Prince William: Diana's son and a 'normal' royal
When Prince William walks his university sweetheart Kate Middleton down the aisle, a nation will hope this most 'normal' of royals can find the happiness that eluded his mother Diana.
William has overcome the tragedy of Diana's death when he was 15 to become the great hope of the British royal family in the 21st century.
A measure of his popularity is that opinion polls show a majority of the public want the 28-year-old to leapfrog his father Prince Charles and become heir to the British throne, although such a move would be unprecedented.
Where Charles is stuffy, traditional and surrounded by staff, his eldest son has managed to lead a relatively normal life by royal standards.
"William cooks for himself, he makes his own bed. He behaves like a normal person and he seems to relish that," said royal author Penny Junor, who is writing a biography of the prince.
"He is a very good egg, a very straightforward guy. He is not particularly fussed about royal life. He would much prefer people to call him William, rather than your royal highness.
"I don't think it is just his age. The Prince of Wales was much more formal when he was young."
Born on June 21, 1982, less than a year after his parents' fateful wedding, William and his brother Harry enjoyed a childhood infused with their mother's sense of fun and a warmth lacking in their father's upbringing.
Determined that they should escape the rarefied atmosphere of the palace and have a glimpse of ordinary life, she took her sons to theme parks and made secret visits with the young princes to homeless shelters.
"William had a much more normal upbringing than his father," Junor told AFP. "His mother understood what it was to go a cinema, a funfair or a restaurant and she would introduce him to her friends."
After their parents' marriage disintegrated, the princes then had to grieve for their mother in the full glare of publicity.
Unforgettably, the two boys, accompanied by their grandfather, father and Diana's brother Earl Spencer, walked stiffly behind their mother's coffin through the streets of London for the funeral in Westminster Abbey.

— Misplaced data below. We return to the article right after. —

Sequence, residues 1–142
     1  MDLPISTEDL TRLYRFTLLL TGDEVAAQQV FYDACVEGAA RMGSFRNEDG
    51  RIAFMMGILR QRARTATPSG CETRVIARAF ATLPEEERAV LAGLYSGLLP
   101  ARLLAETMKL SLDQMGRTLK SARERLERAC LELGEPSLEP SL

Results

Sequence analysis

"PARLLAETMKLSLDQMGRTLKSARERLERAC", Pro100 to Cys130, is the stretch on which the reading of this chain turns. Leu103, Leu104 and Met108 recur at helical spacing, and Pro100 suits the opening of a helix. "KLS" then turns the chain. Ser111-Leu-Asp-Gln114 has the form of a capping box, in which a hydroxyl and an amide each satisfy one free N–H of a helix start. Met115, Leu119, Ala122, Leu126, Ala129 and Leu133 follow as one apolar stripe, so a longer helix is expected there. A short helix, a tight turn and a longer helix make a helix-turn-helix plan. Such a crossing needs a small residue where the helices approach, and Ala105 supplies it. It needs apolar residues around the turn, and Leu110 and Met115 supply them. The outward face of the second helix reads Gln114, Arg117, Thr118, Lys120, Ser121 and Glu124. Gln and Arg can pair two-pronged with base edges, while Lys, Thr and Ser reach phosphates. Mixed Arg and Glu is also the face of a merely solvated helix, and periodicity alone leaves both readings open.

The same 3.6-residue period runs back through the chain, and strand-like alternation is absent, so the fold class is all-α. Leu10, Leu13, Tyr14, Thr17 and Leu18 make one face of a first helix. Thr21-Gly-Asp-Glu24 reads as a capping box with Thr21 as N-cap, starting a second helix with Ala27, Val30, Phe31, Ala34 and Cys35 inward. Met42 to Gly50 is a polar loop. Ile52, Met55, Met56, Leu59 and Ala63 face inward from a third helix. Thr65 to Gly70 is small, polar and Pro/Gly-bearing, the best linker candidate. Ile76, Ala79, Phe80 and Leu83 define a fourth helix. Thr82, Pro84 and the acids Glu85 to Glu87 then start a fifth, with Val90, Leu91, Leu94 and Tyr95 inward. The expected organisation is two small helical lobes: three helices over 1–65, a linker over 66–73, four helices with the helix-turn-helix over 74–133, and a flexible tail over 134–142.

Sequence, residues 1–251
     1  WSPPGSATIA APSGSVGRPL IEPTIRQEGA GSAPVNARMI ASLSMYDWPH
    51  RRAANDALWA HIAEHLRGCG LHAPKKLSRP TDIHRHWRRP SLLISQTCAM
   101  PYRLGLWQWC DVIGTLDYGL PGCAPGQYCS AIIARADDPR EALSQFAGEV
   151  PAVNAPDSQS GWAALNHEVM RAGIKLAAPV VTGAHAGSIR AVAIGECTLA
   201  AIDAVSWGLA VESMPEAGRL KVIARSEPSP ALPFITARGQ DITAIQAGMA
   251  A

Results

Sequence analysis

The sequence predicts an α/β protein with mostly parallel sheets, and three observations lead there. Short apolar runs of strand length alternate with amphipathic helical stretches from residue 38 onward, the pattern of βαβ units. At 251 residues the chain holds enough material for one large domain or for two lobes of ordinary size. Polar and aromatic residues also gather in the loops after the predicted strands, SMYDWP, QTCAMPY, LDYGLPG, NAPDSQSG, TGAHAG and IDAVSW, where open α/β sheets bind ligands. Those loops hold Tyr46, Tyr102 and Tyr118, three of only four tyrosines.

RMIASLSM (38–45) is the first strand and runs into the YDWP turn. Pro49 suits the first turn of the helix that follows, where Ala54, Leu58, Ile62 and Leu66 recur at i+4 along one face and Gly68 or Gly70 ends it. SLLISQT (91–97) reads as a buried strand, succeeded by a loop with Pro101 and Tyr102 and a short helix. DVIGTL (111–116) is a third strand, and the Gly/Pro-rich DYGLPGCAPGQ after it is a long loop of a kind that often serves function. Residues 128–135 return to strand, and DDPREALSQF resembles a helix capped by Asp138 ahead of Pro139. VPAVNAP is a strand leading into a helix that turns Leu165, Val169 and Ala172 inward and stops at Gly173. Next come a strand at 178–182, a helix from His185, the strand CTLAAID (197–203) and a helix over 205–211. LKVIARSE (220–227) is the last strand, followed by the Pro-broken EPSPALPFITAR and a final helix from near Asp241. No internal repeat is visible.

It will be a far happier occasion when he returns to the abbey on April 29.
Ironically, it was Diana's death as her car was chased by photographers though a Paris road tunnel in August 1997 that allowed William to grow up relatively undisturbed by Britain's voracious tabloid press.
His father struck a deal with newspaper editors under which William and Harry were left in peace in return for stage-managed photocalls.
William attended the elite Eton College and then spent a year off in Africa and trekking with the army in Belize, but it was a stint working on a dairy farm in southwest England that he enjoyed the most.
He enrolled at St Andrews University in Scotland, dubbed the Oxford of the North, where he met his bride-to-be, and they shared a house together. They split up briefly in 2007, but were soon reconciled.
Perhaps mindful of his position in the line of succession, William has avoided the controversies that have occasionally ensnared his brother.
When Harry attended a fancy dress party in 2005 wearing a now infamous Nazi costume, William was dressed inoffensively as a lion.
By joining the military he has followed a well-trodden royal path, training at the Sandhurst officers' school before opting for a career as a Royal Air Force search and rescue helicopter pilot.
The royal family has slowly increased his public duties and last year he embarked on his first official overseas tour, to Australia and New Zealand.
He got a warm welcome when he returned this year to see the damage caused by the Christchurch earthquake and the devastating floods in Queensland, Australia.
Public relations guru Max Clifford said the British people had already warmed to William and his future wife.
"People see him as his mother's son. So all the Diana fans are his fans," he told AFP.
© 2011 AFP